What about using electronic billboards?


Over the last year, I began to noticed these electronic billboards along the freeways, in both the innercity and suburbs.  You can see them in Cleveland along I-90 and I-77.  This technology is also displayed at Playhouse Square on a smaller scale.  The displays change at short intervals with different content.


Wouldn't it be cool to have some of these electronic billboards replace some of the old "Colt 45" billboards in the innercity, and display artistic images and wholesome community information? 


They could be placed at strategic locations in the innercity neighborhoods and entertainment districts to stimulate the mind and provide information.  They would become the new landmarks for the area, kind of like the old Goodyear sign in the valley, that was recently replaced.


I realize that the electronic billboards make their money from advertisement.  However, it may be worthwhile for the city and the Community Development Corporations to explore how much a small scale display would cost versus the benefit to the neighborhood.  If put on city property, there would be a one time cost to buy the display with an ongoing programming cost.

Good idea - do we have any deals like this already?

I like having lots of lights downtown so the big flat panel displays are cool with me - I'd rather see them downtown than in the country. But it is pretty rare to see them used for anything interesting - usually very poorly designed ads. That will get better, but they are probably too expensive for much public use.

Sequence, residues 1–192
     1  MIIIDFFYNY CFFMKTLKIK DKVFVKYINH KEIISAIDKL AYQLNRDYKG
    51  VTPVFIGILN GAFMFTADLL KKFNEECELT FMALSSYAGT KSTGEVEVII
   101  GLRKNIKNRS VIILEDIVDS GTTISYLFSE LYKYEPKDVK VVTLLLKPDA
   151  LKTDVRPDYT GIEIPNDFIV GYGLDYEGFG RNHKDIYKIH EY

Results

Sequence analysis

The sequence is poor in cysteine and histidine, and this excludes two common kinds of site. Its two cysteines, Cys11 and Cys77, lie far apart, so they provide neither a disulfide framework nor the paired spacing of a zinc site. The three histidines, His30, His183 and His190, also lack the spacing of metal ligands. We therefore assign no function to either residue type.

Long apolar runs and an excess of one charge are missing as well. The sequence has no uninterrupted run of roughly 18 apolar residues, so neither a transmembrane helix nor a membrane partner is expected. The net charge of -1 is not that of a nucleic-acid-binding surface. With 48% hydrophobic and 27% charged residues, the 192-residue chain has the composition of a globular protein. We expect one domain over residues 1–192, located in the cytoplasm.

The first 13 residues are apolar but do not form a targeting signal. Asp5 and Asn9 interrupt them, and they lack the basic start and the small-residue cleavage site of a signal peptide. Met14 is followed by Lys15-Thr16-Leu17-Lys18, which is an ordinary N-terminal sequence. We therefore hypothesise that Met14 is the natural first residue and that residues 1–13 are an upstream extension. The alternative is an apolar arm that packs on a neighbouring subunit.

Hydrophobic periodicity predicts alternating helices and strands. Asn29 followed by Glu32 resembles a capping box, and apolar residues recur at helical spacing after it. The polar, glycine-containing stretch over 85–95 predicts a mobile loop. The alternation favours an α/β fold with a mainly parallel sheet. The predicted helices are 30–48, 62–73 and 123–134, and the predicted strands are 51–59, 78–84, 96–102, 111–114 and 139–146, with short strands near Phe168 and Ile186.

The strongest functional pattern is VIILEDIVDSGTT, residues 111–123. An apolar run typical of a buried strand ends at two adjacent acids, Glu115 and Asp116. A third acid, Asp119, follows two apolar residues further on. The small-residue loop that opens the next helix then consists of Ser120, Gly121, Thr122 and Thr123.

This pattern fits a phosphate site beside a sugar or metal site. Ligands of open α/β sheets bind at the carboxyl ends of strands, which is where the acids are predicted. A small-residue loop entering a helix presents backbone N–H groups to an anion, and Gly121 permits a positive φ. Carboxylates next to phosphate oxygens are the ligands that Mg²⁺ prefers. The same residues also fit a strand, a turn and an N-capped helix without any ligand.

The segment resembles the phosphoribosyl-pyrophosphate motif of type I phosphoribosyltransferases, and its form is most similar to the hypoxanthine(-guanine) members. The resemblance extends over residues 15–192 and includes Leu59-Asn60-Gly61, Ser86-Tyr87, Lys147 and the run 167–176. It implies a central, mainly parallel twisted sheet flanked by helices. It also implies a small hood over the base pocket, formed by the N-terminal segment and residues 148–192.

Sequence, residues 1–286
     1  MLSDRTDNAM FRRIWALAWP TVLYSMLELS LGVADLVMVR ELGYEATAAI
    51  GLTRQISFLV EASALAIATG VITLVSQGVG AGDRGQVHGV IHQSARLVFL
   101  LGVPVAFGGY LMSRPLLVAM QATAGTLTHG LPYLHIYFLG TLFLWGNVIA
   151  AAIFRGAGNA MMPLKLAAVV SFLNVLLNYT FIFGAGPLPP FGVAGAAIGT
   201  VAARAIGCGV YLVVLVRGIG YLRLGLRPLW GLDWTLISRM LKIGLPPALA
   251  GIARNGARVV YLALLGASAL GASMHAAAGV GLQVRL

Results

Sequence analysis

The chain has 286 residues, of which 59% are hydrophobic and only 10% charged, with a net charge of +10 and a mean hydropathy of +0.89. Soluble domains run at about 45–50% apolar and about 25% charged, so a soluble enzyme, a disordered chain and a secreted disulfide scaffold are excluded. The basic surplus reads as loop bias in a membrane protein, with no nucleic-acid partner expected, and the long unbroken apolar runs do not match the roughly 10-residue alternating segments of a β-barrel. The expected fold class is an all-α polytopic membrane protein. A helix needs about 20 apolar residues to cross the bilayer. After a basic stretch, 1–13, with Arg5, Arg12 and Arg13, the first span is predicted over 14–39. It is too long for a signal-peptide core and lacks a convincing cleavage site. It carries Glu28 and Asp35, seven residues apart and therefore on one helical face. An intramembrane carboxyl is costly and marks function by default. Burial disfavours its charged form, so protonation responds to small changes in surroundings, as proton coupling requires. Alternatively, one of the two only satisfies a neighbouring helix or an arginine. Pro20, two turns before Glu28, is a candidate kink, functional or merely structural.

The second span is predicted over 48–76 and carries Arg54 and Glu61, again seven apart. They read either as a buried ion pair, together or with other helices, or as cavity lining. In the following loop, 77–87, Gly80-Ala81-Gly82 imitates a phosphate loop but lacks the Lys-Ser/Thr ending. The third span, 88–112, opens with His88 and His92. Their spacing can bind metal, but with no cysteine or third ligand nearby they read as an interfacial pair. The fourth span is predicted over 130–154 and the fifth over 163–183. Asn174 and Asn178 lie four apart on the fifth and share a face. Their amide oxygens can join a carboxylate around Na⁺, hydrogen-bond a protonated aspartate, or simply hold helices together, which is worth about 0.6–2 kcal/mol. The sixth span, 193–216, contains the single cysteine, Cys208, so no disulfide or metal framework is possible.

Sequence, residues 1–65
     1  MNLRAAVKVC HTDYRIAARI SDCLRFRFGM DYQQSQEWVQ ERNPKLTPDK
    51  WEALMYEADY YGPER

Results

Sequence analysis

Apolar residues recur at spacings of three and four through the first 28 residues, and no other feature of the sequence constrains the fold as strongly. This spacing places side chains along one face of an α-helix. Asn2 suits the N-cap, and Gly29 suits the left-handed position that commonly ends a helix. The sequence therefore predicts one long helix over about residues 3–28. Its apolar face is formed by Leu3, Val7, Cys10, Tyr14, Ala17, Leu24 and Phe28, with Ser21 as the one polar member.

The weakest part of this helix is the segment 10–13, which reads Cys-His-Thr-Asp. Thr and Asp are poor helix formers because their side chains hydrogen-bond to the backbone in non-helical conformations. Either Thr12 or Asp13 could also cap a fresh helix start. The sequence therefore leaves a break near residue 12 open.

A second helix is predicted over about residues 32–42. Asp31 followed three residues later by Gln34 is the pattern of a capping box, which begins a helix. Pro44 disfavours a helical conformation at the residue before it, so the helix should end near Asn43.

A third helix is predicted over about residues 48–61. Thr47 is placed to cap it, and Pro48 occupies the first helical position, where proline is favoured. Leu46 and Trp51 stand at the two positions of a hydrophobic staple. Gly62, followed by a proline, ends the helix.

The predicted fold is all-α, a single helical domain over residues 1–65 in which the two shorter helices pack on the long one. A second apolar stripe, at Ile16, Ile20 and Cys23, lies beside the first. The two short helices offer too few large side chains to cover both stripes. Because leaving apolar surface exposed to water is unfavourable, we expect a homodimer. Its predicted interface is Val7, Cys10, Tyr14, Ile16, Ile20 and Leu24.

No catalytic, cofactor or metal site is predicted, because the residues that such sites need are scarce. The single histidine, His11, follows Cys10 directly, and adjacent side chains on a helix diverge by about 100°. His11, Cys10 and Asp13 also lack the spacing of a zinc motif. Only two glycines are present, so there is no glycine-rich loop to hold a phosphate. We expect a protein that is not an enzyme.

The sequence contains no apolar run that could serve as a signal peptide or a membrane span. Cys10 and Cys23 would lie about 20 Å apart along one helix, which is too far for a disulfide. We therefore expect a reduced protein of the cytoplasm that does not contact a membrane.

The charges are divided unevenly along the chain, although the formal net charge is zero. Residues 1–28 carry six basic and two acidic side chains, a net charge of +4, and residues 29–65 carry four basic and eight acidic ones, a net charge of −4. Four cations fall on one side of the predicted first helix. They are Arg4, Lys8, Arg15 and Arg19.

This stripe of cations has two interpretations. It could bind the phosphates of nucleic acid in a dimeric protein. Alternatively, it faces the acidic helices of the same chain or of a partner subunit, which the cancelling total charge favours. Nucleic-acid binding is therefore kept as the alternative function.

The RTA has put displays in Tower City for the train stations, but they use the technology so poorly it is not worth reading the displays.

Clearly we'll see more big public displays - hopefully they'll be used well, eventually. Let me know if you ever see that happen here in NEO. 

Lily Yeh artist who transforms Philly

Philadelphia-based visual artist Lily Yeh is the founder, executive director and lead artist of The Village of Arts and Humanities. "The Village" is a community of volunteers and paid workers that turns abandoned lots in North Philadelphia into community gardens, arts centers and parks. "I've come to conceive of The Village as a living piece of sculpture," she explains, "in which sculpture is a communal event. The walls are shaped and touched by people's hands, including as many people from the community as possible." The Village's primary focus has always been the North Philadelphia area, but Yeh has also taken the work to Nairobi, Kenya and has plans for "Village" projects in Ecuador and China. In addition to her work with The Village, Yeh is an accomplished painter and taught art and art history at the University of the Arts, Philadelphia for thirty years. She received her MFA in painting from the University of Pennsylvania.

Listen to her speak here:


I know a few artists like that here - how do we get that impact

She sounds very cool - I know a few artists who work in this way here - Rafala Green has built a labyrinth by the Hodge School (they have an open house coming up so that is a good time to check it out)...

So how do we grow a few great artists here into a "village". I know Rafala would like to team up with others who share her interest in community art and health,,, here's here healing labyrinth